“The expansion of modern agriculture and global biodiversity decline: An integrated assessment”, B. Lanz, S. Dietz, T. Swanson, Ecological Economics 144: 260-277.
The world is banking on a major increase in food production, if the dietary needs and food preferences of an increasing, and increasingly rich, population are to be met. This requires the further expansion of modern agriculture, but modern agriculture rests on a small number of highly productive crops and its expansion has led to a significant loss of global biodiversity. Ecologists have shown that biodiversity loss results in lower plant productivity, while agricultural economists have linked biodiversity loss on farms with increasing variability of crop yields, and sometimes lower mean yields. In this paper we consider the macro-economic consequences of the continued expansion of particular forms of intensive, modern agriculture, with a focus on how the loss of biodiversity affects food production. We employ a quantitative, structurally estimated model of the global economy, which jointly determines economic growth, population and food demand, agricultural innovations and land conversion. We show that even small effects of agricultural expansion on productivity via biodiversity loss might be sufficient to warrant a moratorium on further land conversion.
“Global Population Growth, Technology, and Malthusian Constraints: A Quantitative Growth Theoretic Perspective”, B. Lanz, S. Dietz, T. Swanson, International Economic Review 58(3): 973-1006.
We structurally estimate a two‐sector Schumpeterian growth model with endogenous population and finite land reserves to study the long‐run evolution of global population, technological progress, and the demand for food. The estimated model closely replicates trajectories for world population, GDP, sectoral productivity growth, and crop land area from 1960 to 2010. Projections from 2010 onward show a slowdown of technological progress, and, because it is a key determinant of fertility costs, significant population growth. By 2100, global population reaches 12.4 billion and agricultural production doubles, but the land constraint does not bind because of capital investment and technological progress.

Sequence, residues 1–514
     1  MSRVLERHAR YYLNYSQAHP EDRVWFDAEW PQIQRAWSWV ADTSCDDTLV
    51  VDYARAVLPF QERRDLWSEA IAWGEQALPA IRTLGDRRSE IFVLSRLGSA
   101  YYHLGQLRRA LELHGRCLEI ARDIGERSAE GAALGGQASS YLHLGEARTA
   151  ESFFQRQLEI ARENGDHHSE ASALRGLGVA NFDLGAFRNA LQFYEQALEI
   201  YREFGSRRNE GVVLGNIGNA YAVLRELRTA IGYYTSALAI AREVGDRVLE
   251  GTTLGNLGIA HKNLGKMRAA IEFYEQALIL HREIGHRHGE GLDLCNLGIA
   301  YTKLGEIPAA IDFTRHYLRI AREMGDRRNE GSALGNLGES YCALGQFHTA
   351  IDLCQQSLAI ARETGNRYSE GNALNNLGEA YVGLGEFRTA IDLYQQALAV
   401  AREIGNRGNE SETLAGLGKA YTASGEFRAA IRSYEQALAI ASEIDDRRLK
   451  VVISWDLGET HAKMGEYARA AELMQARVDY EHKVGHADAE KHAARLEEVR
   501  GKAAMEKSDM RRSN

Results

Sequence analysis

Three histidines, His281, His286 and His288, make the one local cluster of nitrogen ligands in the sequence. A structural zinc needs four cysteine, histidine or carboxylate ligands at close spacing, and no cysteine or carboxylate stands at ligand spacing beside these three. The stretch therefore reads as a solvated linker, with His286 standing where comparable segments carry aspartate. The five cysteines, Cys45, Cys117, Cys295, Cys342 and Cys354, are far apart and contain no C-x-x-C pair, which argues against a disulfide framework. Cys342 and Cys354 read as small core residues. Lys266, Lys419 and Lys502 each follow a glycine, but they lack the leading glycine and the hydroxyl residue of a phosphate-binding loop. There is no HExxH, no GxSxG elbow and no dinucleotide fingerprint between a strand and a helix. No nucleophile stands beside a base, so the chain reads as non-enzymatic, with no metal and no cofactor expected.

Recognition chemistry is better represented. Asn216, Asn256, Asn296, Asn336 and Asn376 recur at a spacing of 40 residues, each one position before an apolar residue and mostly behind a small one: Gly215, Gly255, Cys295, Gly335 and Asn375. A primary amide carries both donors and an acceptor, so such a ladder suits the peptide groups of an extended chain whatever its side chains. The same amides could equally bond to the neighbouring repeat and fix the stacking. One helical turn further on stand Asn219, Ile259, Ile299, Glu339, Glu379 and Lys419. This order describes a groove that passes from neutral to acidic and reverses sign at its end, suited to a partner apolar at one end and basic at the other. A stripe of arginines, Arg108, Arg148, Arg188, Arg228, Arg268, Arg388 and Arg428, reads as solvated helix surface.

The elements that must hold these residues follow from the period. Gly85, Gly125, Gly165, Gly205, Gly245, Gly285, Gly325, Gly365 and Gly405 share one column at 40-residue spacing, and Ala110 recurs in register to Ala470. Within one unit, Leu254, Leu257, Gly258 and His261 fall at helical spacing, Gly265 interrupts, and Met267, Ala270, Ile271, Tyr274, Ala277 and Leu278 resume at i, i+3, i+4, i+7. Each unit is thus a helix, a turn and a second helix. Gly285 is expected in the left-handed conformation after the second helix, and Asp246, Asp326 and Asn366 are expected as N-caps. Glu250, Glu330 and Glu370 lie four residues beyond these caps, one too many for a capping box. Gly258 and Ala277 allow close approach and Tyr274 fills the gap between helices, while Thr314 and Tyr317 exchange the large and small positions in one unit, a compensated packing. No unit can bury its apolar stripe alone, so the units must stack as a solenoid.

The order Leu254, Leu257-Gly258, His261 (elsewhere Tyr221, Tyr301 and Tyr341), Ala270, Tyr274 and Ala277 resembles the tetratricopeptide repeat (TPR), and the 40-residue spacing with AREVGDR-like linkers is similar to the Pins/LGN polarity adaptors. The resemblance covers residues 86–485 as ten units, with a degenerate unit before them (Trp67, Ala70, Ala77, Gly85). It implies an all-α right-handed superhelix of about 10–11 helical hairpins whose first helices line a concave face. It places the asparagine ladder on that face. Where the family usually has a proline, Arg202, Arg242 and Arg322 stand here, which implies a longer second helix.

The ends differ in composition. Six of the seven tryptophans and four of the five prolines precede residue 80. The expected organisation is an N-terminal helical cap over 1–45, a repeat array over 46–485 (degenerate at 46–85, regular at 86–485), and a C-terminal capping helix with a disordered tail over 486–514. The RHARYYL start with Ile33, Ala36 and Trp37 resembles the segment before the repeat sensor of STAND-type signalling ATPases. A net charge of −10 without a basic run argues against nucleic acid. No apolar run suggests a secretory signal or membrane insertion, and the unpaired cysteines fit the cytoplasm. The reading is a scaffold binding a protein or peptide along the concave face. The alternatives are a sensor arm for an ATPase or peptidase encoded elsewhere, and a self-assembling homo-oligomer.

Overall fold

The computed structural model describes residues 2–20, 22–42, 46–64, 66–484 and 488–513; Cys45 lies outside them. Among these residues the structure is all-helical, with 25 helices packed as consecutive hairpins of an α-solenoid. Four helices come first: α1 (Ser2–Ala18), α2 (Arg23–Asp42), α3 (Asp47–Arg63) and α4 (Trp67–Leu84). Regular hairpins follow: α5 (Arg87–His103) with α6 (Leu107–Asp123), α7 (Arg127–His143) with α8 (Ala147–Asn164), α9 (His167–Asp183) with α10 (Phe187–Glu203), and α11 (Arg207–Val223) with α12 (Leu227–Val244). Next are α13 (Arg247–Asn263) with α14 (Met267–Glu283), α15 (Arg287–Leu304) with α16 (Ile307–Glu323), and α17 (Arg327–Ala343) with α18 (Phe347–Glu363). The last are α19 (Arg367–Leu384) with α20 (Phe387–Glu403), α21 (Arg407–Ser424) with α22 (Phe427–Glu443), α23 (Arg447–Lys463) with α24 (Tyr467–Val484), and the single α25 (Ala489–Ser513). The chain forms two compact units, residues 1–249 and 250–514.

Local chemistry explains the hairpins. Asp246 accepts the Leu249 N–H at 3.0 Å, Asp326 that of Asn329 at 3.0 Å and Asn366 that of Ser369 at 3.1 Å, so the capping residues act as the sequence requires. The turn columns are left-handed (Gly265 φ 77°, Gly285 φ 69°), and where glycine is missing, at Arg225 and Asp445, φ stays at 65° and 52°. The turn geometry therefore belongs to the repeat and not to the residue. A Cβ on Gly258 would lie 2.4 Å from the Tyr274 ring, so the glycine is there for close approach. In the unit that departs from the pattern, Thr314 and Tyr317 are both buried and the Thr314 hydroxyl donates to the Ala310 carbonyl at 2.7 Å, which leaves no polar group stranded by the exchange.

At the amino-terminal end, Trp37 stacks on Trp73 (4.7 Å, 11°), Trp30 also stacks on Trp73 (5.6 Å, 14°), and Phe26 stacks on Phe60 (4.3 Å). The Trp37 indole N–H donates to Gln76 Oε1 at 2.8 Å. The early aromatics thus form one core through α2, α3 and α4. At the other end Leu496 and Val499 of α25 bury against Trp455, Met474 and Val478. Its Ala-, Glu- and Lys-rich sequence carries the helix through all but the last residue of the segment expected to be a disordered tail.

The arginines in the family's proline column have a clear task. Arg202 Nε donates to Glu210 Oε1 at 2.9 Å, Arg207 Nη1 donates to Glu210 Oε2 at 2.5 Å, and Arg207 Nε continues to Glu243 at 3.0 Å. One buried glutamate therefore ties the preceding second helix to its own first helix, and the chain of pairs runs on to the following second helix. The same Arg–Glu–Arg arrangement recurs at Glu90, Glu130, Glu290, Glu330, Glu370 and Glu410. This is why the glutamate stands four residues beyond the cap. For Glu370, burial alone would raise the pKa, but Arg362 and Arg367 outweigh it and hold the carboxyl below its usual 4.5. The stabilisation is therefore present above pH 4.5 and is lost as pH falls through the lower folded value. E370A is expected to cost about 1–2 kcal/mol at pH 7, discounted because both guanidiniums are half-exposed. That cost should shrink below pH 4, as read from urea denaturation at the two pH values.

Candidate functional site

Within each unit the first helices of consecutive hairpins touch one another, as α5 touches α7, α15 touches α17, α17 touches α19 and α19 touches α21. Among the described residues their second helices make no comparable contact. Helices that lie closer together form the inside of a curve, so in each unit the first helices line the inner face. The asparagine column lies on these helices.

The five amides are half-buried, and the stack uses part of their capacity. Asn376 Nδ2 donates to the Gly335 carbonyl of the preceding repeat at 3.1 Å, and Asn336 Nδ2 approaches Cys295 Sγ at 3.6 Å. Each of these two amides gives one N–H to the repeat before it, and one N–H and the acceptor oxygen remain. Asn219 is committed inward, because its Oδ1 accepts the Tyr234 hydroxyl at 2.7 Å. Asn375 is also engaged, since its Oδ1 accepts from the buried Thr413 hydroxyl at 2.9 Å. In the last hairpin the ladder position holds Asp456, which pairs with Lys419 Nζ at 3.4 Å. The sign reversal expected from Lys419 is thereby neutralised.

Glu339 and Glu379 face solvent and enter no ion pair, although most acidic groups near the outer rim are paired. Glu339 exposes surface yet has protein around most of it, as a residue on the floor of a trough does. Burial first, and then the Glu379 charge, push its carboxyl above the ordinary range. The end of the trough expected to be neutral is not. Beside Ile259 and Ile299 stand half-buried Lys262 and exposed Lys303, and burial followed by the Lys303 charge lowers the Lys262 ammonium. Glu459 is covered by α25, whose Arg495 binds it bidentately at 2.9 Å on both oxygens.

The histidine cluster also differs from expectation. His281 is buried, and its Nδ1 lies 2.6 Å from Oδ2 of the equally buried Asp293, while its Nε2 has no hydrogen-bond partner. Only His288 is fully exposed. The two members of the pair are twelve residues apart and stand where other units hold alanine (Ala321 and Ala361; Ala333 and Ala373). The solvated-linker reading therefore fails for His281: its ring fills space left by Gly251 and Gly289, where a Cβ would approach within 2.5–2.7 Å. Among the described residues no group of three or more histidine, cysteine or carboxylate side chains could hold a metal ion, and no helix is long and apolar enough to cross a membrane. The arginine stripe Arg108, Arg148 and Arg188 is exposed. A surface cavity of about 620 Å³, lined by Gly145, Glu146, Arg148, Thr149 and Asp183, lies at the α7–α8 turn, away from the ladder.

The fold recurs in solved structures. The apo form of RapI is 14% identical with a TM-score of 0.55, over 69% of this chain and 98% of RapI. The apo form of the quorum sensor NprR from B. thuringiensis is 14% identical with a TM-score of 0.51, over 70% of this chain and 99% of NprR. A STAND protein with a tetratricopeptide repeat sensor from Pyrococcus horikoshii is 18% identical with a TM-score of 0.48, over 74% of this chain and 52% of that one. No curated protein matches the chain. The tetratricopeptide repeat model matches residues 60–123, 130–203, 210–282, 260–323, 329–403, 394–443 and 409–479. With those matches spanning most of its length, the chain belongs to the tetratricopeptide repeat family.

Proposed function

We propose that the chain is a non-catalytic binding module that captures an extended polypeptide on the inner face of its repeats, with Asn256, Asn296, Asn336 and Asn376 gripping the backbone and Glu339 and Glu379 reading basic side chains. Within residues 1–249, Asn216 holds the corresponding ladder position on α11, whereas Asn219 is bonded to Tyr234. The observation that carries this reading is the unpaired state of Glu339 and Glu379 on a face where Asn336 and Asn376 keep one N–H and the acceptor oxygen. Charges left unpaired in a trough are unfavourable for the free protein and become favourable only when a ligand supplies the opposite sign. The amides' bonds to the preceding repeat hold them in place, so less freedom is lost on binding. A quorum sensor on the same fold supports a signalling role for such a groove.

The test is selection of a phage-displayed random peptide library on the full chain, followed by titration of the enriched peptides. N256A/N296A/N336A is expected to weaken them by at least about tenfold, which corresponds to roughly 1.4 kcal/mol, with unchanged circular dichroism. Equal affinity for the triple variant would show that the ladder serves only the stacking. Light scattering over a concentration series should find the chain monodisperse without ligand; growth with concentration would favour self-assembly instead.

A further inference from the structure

“Global Economic Growth and Agricultural Land Conversion under Uncertain Productivity Improvements in Agriculture”, B. Lanz, S. Dietz, T. Swanson, American Journal of Agricultural Economics 100(2): 545-569.
We study how stochasticity in the evolution of agricultural productivity interacts with economic and population growth at the global level. We use a two-sector Schumpeterian model of growth, in which a manufacturing sector produces the traditional consumption good and an agricultural sector produces food to sustain contemporaneous population. Agriculture demands land as an input, itself treated as a scarce form of capital. In our model both population and sectoral technological progress are endogenously determined, and key technological parameters of the model are structurally estimated using 1960-2010 data on world GDP, population, cropland and technological progress. Introducing random shocks to the evolution of total factor productivity in agriculture, we show that uncertainty optimally requires more land to be converted into agricultural use as a hedge against production shortages, and that it significantly affects both optimal consumption and population trajectories.
“Multi-scale simplification of agricultural land: a review and research agenda on the external costs for global food production”, D. Eaton, S. Dietz, B. Lanz, T. Swanson, J. Tewklsbury, Biodiversity Review Project Paper 3.
Processes of agricultural simplification take place at different spatial scales from the field to the globe. We propose the concept of multi-scale simplification to bring together these linked processes. Whereas it is well documented that agricultural simplification has brought about increases in production on the one hand and environmental harms outside the production system on the other hand, we ask whether multi-scale simplification also imposes external costs on agricultural production itself, due to its effects on vulnerability to pests and disease, pollination and soil fertility.
We review the evidence and propose an economic model compatible with the existence of external costs on production, which can serve as the basis for future empirical research across disciplines. The model proposes several mechanisms, by which maximizing production of the whole food system implies reducing the extent of agricultural simplification.
“Running with the red queen : an integrated assessment of agricultural land expansion and global biodiversity decline”, B. Lanz, S. Dietz, T. Swanson, Biodiversity Review Project Paper 2.
“Global population growth, technology, and malthusian constraints : a quantitative growth theoretic perspective”, B. Lanz, S. Dietz, T. Swanson, Biodiversity Review Project Paper 1.